Sir Sound Configurations

  • Turnkey – This is a “plug and go” version where you just plug it in and go. No special drivers are needed, as they are already built in to both BASIC and OS-9.****
  • BYOE – The bring-your-own-everything edition is shipped as a set of simple instructions containing a parts list and how to run wires between the parts.
  • Custom – Also planned to be available are various custom configurations, like what color of case it comes in.


We estimate the thing is gonna cost us, like, ten or so bucks to make using off-the-shelf parts ordered in small quantities from China. But, to make it a product, we really should have an integrated circuit board and a case made, which will run the costs up dramatically. Rest assured, we’ll pass those unsavings along to you!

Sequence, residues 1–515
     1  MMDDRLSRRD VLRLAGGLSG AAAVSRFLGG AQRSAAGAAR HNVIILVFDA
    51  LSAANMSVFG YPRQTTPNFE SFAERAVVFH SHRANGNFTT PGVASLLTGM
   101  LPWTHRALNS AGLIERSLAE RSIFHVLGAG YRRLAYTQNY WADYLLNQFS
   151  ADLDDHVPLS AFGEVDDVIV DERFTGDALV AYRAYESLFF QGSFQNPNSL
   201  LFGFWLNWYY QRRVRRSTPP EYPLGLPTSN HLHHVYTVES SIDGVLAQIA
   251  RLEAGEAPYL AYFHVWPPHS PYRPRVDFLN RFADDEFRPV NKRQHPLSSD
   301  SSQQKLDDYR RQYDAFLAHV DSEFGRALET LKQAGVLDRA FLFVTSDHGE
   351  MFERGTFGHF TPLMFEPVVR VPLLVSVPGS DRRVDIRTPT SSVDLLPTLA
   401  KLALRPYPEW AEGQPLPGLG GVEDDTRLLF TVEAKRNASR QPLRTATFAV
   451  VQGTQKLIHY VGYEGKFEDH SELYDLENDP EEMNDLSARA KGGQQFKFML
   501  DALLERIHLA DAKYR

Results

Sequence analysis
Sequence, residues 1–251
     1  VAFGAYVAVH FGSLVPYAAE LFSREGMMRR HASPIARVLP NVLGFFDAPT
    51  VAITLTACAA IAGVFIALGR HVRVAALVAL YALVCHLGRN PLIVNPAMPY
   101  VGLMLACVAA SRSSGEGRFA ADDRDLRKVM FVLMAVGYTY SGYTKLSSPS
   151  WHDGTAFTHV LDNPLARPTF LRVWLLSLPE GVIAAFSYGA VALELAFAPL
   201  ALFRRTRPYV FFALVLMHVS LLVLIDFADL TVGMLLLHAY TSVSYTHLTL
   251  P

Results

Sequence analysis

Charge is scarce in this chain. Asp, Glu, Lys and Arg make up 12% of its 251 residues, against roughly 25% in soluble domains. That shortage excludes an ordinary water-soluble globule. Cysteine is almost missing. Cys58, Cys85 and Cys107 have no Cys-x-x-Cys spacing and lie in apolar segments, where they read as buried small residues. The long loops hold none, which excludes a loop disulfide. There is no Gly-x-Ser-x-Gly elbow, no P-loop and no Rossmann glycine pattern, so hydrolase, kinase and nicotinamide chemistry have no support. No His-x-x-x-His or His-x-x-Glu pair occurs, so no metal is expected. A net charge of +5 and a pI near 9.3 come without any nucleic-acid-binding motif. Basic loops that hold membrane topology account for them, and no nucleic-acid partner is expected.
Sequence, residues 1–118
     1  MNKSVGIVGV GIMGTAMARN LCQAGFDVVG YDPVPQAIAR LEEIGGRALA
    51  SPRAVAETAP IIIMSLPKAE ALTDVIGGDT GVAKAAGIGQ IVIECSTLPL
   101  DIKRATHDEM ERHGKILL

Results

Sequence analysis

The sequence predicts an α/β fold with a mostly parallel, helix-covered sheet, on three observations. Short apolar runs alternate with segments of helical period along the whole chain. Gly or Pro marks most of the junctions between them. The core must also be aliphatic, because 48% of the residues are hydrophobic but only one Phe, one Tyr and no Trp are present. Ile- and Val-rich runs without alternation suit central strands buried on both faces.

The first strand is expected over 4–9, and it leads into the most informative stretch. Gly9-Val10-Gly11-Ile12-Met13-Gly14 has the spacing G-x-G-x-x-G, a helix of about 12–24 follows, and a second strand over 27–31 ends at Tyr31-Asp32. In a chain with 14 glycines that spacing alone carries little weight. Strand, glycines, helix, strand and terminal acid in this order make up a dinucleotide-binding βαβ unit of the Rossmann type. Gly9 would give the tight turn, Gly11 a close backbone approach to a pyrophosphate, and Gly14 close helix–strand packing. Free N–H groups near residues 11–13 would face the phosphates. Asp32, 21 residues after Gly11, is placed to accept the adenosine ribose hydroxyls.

The first prototype is in the process of being tested. Quit rushing us. We’ll let you know when it’s done.


Basically it’s a Texas Instruments SN76489 sound chip hooked to a tiny Arduino micro-controller with a TTL-to-RS232 adapter. Here’s the prototype John Strong of StrongWare sent me:

SN76849 sound chip hooked to an Arduino Nano on a neat 3-D printed platform from StrongWare.

You kinda have to use some micro-controller since the sound chip turns on and starts making sound. Something has to issue the “shut up” instruction to it. If you just had hardware to translate a serial byte in to the command, and made the CoCo do all the work, the CoCo would have to load and run a program to shut the thing up every time you powered up. Fortunately, a custom-built Arduino that handles this can be done for like $5. There are cheaper PIC chips that could do it for less.

Then, you add a MAX232 type chip that goes from the TTL signal levels of the Arduino to RS232 signal levels, or using one of these $3 (or less) boards that’s already wired:

TTL-to-RS232 adapter.

Lastly, add a CoCo serial cable (4-pin DIN to DB9), and you are set.

Prototype “Sir Sound” sound module for the CoCo (or anything with a serial port, actually).

A small program on the Arduino will monitor the serial port for bytes and then relay them to the sound chip.

By doing some POKEs in BASIC to set the baud rate, you could make music by doing things like this: